Taxing Matters

Amelia's Rock & Roll mayor fights to keep his village alive

Apr 22, 2009 at 2:06 pm

He’s a rock and roller by night. By day, he’s a mild-mannered mayor literally trying to save his village.

Leroy Ellington might be best known in the area for fronting his E Funk Band, for 15 years one of the area’s most popular party bands. For the last year his day job has been mayor of Amelia, the Clermont County village of 4,000 residents.

Amelia voters will decide in a May 5 special election whether to dissolve the village, first incorporated in 1900. If successful, it would be the first time in Ohio history a village has eliminated itself through a petition drive and citizens’ vote.

The dissolution movement was launched as a tax revolt when the village council and Ellington floated the idea last summer of an earnings tax to make up a projected budget shortfall by 2012. And therein lies a story of Ellington’s introduction to Politics 101, the visceral reaction of people to even the idea of a tax increase and, to some extent, fighting a stigma of being a Rock & Roll mayor.

Ellington, a Purcell High School grad who was raised in Oakley, has had a 30-year career in the local music scene, first as a sax player touring with noted Doo Wop group Richie and the Students, then with Stacy Mitchhart’s Blues U Can Use.

He founded Leroy Ellington and the E Funk Band in the early ’90s as a Funk/Blues outfit that would play originals and tour the region. He soon learned that there was money to be made in doing party band covers.

“People would say, ‘You guys are great. Do you play weddings? Do you know ‘Mustang Sally’?’ We’d say, ‘Sure,’ so that’s what we became almost by default,” Ellington says.

The group built a loyal following for its versatility. It delivers what’s wanted, whether Sinatra, cocktail Jazz, Classic Rock or down and dirty Funk. The diversity is reflected in the band’s makeup — for many years it was one of the few racially-mixed groups in the city.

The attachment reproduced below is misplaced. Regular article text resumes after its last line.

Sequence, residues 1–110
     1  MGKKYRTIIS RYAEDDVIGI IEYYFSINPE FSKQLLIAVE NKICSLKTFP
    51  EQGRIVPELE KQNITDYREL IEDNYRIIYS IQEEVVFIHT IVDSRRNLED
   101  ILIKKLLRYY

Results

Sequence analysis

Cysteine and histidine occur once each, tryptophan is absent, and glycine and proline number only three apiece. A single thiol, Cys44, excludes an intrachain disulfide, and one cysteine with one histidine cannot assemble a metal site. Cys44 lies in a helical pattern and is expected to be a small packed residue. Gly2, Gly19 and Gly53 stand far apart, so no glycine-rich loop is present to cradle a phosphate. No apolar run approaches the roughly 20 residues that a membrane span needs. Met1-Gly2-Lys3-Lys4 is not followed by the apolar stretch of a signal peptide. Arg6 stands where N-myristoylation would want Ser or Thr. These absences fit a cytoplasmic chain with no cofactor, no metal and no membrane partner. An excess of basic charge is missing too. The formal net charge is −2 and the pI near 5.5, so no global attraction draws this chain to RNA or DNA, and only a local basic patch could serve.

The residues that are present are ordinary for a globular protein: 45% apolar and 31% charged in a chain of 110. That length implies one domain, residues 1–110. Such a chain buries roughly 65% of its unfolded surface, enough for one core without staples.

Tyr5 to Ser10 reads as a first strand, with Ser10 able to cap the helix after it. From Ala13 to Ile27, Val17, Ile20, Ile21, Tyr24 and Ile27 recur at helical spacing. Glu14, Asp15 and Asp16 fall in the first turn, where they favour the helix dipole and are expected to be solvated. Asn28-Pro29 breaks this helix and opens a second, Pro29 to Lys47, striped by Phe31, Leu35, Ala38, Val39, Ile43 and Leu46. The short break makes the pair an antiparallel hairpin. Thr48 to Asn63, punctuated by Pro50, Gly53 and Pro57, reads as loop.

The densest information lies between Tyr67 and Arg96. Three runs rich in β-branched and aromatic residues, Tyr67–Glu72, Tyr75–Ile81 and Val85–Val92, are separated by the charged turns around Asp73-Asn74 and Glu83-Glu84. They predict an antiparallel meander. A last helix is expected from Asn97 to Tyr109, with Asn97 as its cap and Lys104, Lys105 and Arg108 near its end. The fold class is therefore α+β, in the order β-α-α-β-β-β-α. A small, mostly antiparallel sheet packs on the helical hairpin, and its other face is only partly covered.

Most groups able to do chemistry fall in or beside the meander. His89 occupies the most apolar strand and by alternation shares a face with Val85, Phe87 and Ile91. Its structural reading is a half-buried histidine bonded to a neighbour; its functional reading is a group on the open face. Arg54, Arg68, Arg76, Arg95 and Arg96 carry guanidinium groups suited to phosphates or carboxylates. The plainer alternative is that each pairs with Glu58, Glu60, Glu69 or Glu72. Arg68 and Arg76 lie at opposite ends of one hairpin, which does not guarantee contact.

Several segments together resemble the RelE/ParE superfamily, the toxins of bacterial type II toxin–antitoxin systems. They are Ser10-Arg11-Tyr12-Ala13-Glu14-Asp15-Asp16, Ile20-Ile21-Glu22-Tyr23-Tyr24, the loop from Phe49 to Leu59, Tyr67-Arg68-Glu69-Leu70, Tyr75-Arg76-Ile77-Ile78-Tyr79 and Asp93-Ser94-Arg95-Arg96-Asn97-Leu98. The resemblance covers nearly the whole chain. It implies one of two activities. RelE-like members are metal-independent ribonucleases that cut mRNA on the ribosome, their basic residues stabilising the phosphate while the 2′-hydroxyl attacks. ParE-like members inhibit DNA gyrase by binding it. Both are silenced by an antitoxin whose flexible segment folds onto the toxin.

Along the way, Ellington, who always considered himself a “city boy,” moved to the quiet village of Amelia.

“My wife and I sold our house in Hyde Park because we found out how much we could sell it for,” he says. “We moved out to Amelia and bought a lot more house.”

Ellington said he was excited that Amelia seemed a ’burb poised for growth, but nothing much was happening. He wondered why and began attending city council meetings.

“You start finding out things, like just to put up a traffic light can cost $80,000 and you have to do all these studies,” he says. “That can be hard for a small village.”

He was such a regular council attendee that the mayor suggested Ellington run for an upcoming vacancy. He did and was unopposed. In 2007, a new mayor was up for reelection with no opponent. Ellington decided to run against him.

“The mayor always seemed to run unopposed,” Ellington says. “I thought we should at least have choices. I swear I didn’t care if I won or not.”

Campaigning, he says he ran into people who raised an eyebrow about his Rock background.

“There is definitely a stigma,” he says. “I think some people thought, as a musician, I get up around noon, eat Fritos and smoke pot all day. At first, when I went around to events, I got a little bit of that. Usually after the first conversation they got the sense I had a brain in there somewhere.”

Ellington won the election by three votes after a recount in a record turnout.

He says, half seriously, perhaps his Rock background did help. After all, the name “Leroy Ellington” had been out there for years, if just promoting band appearances.